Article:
Green Industry Articles
Taking a Lead Role in Green Real Estate
"Embrace Green or Face Disaster," read part of a headline describing a speech given by Thomas Friedman at the American Institute of Architects 2011 convention.
George Goldstein's shout to the real estate industry is similar.
Rather than being short-order cooks, Goldstein, GREEN, LEED Green Associate, CEO and founder of WMG/Green, Newport Beach, Calif., thinks real estate practitioners need to become master chefs.
Right now he sees too many short-order cooks.
Some of what's missing, believes Goldstein, is practitioners' ability to apply new green science and simple metrics to analyze buildings' potential and to leverage energy efficient mortgages and Federal and state incentives when they're ferrying clients through the buying and selling processes.
"You need the ability to analyze and pick the buildings that will achieve the greatest results from retrofitting and re-commissioning through very simple means," he says.
He's developed a method of identifying and analyzing buildings with potential for green upgrades and believes he's found the system to revamp buildings in ways that help them sell more quickly and appraise for more money.
Moreover, he thinks that green has the power to transform the market and that true green practitioners can do deals in a slumping market, make money, and satisfy the needs of buyers, sellers, appraisers and banks.
Here are 4 key steps you can take:
1. Education: Encourage education. Yes, it's an old saw. But he laments the eco-chic companies that hawk just green fairy; dust--say, bamboo floors from China--and lack true knowledge and understanding of environmental principles. Everyone involved in a real estate transaction, he believes, needs in-depth education.
After all just one weak link can muck up the process, he notes.
In a report on a house he was marketing, the home inspector noted that wiring was missing for the outdoor lighting system. An inspector knowledgeable about green principles would have known that the lights lacked wiring because they were solar powered.
2. Language matters: Average consumers have too many negative associations with the word 'green'. Some, for instance, associate it with the Birkenstock and granola crowd.
"People automatically think expensive," observes Goldstein. "I remove the word 'green' and call it 'high-performance' real estate."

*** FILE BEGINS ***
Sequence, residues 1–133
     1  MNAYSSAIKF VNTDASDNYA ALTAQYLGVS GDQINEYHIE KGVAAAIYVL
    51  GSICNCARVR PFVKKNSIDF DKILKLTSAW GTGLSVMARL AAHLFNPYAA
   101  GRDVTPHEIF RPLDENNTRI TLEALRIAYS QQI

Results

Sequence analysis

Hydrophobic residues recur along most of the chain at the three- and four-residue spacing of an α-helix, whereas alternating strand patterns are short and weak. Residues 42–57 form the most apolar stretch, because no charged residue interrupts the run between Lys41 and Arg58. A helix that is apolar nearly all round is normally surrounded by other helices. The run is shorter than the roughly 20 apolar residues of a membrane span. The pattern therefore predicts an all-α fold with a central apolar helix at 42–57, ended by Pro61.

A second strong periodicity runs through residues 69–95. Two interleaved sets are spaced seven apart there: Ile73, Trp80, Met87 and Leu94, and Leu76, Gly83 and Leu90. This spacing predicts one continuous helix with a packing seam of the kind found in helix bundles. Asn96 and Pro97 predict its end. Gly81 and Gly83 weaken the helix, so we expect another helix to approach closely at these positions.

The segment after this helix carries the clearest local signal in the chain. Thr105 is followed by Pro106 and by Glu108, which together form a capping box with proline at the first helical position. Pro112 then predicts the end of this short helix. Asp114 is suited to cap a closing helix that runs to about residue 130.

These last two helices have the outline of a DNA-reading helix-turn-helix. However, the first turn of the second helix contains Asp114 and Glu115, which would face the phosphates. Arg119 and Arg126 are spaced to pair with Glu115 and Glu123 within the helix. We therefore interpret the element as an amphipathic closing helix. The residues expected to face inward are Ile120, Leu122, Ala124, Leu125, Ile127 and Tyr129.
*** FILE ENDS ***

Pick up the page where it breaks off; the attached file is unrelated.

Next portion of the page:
3. Do a test house: A Laguna Niguel, Calif., property he sold serves as something of a test case for Goldstein. For his test house he spent about $700 for materials and labor to install some green upgrades, including dual-flush toilets, water-saving fixtures, CFLs, and solar-powered outdoor lighting. It was a way for him to prove a few key points, including that minor upgrades can help a property to appraise for more than its competitors, and sell more quickly than other similar properties. "I wanted an example to
show everyone how easy it was," he says.
He also speaks of lessened carrying costs--the dollars dedicated to servicing the mortgage, taxes, and property operations and maintenance--that result from shorter market times. The faster a property sells, the quicker homeowners, who may no longer be
living in the house because of a job transfer, for instance, can free themselves of such obligations.
In such situations, a shorter sales timeframe is especially beneficial, and incorporating green features may contribute to reducing the time a house sits on the market.
4. In-house specialty: Real estate companies can quickly incorporate a green niche into their businesses by hiring a trained, in-house specialist. His argument is that real estate companies have short-sale specialists, so why not have a green expert too?
"We're the escorts--the ones who usher buyers and sellers from point A to B--and we need to know how to do this to be in business.
Practitioners need to mean something and bring something to banks, appraisers, and clients," Goldstein comments. If they don't know how to do this, ten years from now, they won't be doing this business."
Source: Green REsource Council Newsletter, May 2011